It’s been such a long pause in fact that a lot of how WordPress works and is used have changed since the last time I wrote a blog entry. I have a lot to learn before I regain a decent level of proficiency in writing these entries. I suppose I should have the confidence to know that I will figure it all, or enough, out, eventually.
So what’s so different? What makes me think that this reboot will be any different than all the previous failures? A lot has changed: In the intervening years, I became ensnared in a “business” that devoured my time and resources and left me with little to show for it besides notebooks full of hollow slogans and ideas; I became the sole caregiver to two disabled seniors, the care of whom drained all my energy, time, and stamina; and I lost all of my immediate family and suffered, no am still suffering through a horribly painful mourning process. That pain, though crippling, is ever so slowly beginning to diminish.
Yet now, scant weeks ahead of the surging Covid-19 pandemic, I enjoyed a desperately needed vacation in Arizona with my friend Bret and his partner Adam, and their friends Joe and Roger. Two weeks without stress or care. Two weeks of vital healing. Perhaps there is light in the universe after all?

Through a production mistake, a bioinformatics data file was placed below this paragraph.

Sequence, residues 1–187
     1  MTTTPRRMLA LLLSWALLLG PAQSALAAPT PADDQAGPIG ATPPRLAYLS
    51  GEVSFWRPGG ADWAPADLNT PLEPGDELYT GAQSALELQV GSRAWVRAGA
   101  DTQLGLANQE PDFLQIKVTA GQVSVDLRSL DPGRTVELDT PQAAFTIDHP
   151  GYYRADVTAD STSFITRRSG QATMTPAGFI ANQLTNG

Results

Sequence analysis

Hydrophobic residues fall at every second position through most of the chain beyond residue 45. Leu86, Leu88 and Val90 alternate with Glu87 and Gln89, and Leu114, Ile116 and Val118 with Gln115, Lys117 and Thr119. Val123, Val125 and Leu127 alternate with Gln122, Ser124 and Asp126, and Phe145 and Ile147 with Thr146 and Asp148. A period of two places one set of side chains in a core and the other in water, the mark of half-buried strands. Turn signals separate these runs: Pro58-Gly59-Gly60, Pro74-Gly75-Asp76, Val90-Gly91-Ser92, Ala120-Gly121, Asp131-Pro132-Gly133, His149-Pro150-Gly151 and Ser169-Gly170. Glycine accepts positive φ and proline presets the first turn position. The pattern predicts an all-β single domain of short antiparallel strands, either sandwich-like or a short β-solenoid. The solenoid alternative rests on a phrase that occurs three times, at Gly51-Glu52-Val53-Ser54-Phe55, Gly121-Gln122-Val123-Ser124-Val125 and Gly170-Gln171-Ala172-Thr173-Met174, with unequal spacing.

So a lot has changed. I find myself with no responsibilities beyond myself for the first time in 10 years. I have the time, and increasingly, the energy to DO something with my life again. I am slowly taking back my life and the feeling that I can affect its trajectory.
The reality remains: Talk is cheap; Content is King. So I currently have a slate of five new articles in the pipeline. I plan to post at least once a week, and more when topics are abundant. Above all, I plan to write and keep writing. This blog will bear testimony to this in the coming weeks.
I very much doubt that I have anybody left of the cadre who followed my blog. I will need to attract new followers all the while I find new and exciting blogs for me to follow. I’m back… and I have the combination! 😉
PS: I have not forgotten Rascal and Buddy, Adam’s wonderful cats! They made my stay even more special.